Gravan Custin (‘22) said, “I don’t really follow the news. I’m probably too busy. I feel like my time on social media prohibits me to a little. I can kind of figure stuff out on social media. I get some of my news from the ‘Daily Mail.’ I don’t really think it’s credible [however]. I feel like a lot of people think that it’s credible. It’s just easy access since we’re already on social media.”
However, students can find at least 15 minutes a day to keep up with the news, whether that is in the car ride to school, after-school activities, or back home.
Podcasts. They are a great way to stay updated while driving or if you prefer to listen, rather than read, the news. The following are a few credible and short podcasts that give a run-down of domestic and worldly events.
BBC Minute – Each episode is a minute long and is “updated every half an hour, 24/7.” It covers several events in a minute, but the host speaks very quickly, so it could be hard to follow along.
Up First: NPR – Each episode is about ten minutes and are uploaded every weekday at 6 a.m.
The NPR Politics Podcast – Each episode ranges in time between 15 to 30 minutes.
Global News Podcast – Each episode is between 20-30 minutes long and is uploaded twice a day on weekdays and once on weekends.
NBC Nightly News with Lester Holt – Each episode is around 20 minutes and is uploaded on weekday evenings.
Achona: Beyond the Articles – This is Achona Online’s podcast, and topics vary from lifestyle, music, and news. Each episode is no less than 30 minutes.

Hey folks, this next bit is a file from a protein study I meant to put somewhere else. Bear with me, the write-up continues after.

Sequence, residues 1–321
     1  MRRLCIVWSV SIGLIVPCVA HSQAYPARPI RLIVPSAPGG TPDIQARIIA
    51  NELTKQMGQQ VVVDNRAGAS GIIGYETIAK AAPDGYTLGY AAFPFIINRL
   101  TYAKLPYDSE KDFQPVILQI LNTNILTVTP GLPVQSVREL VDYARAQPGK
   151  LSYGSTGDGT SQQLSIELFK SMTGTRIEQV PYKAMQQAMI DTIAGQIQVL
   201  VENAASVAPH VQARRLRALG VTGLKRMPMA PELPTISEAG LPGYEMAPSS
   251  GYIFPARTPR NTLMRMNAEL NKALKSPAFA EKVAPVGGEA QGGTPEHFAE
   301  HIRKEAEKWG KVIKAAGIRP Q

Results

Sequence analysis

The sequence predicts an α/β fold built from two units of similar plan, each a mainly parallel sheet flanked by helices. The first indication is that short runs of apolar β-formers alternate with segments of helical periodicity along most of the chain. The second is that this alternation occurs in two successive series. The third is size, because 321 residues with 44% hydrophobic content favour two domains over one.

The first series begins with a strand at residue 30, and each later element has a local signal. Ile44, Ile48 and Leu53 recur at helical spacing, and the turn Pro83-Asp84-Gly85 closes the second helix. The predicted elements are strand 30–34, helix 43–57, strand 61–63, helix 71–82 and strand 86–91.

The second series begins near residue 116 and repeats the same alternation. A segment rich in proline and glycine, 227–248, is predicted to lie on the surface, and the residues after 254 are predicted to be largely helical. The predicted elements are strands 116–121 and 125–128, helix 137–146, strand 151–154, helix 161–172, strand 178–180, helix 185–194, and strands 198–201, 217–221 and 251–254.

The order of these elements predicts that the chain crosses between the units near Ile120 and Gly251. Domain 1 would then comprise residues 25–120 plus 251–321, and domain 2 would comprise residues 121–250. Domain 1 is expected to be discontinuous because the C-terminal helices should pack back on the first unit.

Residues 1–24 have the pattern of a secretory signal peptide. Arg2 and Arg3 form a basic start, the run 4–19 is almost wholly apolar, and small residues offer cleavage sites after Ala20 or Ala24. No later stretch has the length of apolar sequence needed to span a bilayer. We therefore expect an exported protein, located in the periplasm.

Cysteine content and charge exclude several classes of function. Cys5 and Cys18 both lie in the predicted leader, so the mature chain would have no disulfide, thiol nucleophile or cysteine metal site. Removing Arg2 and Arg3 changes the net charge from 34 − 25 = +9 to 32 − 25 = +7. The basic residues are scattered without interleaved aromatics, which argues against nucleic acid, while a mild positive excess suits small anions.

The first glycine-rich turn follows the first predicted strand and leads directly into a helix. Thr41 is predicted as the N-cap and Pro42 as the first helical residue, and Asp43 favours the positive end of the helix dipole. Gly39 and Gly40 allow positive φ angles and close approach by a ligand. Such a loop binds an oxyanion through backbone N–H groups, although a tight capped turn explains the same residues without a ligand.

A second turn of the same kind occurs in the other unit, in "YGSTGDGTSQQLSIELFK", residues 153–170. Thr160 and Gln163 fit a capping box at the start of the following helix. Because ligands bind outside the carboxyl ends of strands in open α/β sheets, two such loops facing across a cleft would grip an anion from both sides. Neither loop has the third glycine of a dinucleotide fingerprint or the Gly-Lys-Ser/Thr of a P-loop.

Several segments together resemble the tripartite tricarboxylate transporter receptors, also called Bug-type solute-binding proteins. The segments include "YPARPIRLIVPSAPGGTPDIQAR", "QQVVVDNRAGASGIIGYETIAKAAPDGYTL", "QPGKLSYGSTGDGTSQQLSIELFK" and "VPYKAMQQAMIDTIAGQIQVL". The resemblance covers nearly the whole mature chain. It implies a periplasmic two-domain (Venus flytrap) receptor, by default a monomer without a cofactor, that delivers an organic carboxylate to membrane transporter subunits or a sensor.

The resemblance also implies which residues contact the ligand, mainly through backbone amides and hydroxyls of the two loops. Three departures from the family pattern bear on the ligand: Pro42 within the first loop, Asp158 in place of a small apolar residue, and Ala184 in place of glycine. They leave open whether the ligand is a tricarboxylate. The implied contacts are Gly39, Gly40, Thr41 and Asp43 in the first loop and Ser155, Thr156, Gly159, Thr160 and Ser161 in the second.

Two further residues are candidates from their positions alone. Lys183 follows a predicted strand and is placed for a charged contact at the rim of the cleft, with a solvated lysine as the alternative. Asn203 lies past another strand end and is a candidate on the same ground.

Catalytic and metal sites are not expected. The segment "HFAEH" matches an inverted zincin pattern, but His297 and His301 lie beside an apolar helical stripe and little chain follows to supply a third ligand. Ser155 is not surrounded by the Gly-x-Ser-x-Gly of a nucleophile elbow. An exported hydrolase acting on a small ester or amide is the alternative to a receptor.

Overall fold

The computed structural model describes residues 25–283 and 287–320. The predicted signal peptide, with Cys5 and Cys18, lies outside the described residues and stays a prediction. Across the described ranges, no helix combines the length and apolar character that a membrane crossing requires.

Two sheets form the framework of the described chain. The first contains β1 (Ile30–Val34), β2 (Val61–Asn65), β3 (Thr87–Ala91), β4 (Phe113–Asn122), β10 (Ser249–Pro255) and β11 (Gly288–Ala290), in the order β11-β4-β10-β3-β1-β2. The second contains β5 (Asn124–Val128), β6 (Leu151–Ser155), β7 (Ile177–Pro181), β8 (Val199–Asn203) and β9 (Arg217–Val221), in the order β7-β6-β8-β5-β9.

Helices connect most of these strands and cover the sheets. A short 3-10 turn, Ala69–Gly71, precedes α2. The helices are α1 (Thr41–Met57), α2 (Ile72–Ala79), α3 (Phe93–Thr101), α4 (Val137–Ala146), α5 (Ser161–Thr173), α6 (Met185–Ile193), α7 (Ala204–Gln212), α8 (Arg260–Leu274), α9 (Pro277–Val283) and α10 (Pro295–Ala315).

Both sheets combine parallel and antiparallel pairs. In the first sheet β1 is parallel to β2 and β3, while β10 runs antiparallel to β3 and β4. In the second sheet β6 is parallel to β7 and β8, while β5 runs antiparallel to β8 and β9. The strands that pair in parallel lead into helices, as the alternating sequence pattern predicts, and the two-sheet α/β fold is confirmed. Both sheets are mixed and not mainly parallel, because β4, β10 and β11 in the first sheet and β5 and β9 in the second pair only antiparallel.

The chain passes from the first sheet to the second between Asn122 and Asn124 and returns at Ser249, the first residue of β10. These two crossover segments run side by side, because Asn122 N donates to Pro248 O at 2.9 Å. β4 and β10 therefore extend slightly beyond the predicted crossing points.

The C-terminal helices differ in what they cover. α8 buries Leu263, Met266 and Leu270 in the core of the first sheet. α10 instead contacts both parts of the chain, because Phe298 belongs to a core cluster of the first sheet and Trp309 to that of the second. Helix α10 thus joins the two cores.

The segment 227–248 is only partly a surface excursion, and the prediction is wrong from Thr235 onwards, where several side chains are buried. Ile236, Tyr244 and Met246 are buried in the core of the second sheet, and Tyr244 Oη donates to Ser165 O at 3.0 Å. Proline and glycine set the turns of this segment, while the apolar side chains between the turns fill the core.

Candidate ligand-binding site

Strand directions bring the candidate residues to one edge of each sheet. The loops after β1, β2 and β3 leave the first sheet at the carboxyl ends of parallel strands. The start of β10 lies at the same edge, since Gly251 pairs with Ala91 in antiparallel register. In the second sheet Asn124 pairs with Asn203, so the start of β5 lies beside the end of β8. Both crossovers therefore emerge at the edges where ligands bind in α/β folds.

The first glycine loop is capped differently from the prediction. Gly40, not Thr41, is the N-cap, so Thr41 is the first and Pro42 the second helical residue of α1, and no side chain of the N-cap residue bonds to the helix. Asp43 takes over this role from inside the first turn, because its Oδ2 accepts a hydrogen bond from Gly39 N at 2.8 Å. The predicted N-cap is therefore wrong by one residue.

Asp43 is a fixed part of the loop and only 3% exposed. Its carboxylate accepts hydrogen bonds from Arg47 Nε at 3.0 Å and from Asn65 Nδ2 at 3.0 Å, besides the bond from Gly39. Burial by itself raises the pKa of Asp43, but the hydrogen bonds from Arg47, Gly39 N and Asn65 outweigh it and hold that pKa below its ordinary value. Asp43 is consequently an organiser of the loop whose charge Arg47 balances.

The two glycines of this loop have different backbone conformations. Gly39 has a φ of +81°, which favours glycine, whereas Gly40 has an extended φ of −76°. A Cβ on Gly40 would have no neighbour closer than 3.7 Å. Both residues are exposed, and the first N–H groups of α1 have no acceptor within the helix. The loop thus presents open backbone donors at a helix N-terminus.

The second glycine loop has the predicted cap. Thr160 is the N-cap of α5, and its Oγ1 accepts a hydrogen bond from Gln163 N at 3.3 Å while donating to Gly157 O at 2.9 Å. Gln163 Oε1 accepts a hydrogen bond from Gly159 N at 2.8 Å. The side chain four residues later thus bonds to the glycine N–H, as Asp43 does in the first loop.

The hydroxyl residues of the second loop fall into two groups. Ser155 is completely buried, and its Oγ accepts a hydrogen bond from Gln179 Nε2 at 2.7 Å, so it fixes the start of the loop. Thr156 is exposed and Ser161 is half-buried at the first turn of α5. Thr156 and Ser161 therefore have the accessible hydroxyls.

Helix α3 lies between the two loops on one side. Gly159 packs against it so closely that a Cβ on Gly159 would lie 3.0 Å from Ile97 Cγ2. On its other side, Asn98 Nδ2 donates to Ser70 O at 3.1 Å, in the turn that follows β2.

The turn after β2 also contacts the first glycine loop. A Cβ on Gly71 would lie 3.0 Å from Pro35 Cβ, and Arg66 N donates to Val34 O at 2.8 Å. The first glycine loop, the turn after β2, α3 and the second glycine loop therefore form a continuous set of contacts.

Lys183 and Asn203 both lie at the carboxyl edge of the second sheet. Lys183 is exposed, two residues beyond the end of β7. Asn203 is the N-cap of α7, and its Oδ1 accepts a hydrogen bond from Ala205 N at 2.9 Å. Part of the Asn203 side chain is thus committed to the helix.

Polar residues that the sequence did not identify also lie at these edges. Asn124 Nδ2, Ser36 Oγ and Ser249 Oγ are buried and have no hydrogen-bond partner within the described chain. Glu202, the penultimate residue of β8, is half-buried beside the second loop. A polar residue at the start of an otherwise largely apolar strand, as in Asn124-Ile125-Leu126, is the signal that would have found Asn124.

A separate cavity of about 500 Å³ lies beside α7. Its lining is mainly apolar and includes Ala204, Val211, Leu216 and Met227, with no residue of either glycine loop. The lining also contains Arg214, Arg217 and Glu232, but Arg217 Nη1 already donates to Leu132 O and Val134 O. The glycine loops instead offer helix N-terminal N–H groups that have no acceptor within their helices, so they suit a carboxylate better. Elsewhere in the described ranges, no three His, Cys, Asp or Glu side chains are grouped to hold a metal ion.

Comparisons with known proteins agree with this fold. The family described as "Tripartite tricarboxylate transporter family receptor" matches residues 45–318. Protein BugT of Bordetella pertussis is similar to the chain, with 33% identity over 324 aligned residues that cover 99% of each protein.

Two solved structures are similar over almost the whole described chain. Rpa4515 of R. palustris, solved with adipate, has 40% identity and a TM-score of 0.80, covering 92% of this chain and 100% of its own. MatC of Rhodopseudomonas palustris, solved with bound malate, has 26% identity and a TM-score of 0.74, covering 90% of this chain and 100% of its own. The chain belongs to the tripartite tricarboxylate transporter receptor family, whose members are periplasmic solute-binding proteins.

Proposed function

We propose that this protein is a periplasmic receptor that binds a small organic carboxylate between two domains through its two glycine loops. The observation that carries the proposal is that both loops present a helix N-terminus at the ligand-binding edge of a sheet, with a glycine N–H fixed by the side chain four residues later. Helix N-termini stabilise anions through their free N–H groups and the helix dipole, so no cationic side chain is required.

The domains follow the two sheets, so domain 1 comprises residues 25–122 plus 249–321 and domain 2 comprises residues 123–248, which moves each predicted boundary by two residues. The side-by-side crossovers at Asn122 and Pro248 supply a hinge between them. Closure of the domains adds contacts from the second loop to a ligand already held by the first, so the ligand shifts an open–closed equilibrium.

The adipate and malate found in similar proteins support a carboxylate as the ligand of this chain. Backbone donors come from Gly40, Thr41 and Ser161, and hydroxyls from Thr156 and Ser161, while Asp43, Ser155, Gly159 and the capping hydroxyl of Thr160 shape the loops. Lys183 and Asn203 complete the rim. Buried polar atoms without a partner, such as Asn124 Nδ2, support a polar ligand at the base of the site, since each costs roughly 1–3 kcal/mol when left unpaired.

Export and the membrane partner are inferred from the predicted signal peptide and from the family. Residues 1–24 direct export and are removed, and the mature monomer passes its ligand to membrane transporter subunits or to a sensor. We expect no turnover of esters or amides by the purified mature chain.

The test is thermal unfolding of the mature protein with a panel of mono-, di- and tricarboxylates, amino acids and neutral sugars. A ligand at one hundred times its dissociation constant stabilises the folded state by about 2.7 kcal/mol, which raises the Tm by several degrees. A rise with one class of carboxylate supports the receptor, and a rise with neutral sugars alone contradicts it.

Apple News App. Those with an apple device can download the Apple News app which constantly updates with articles from several publications. Articles are separated into categories such as “Top Stories” and “For You.” You can also enable notifications which alerts you with breaking news updates.
Subscribe to the Skimm. You can subscribe, for free, to the Daily Skimm email newsletter which gives a run-down of what is occurring throughout the world.
“I think that any newsletter that employs multiple news sources for daily updates is great because you get more breadth in your coverage. I like the Skimm as well as Numlock News and also Significant Digits by FiveThirtyEight for this reason. Daily newsletters are great because they bring the news even closer to you. I also like that they sort of give me a starting point for looking at other news sources in the morning; it helps me wade through some of the less pressing articles,” said Filocco.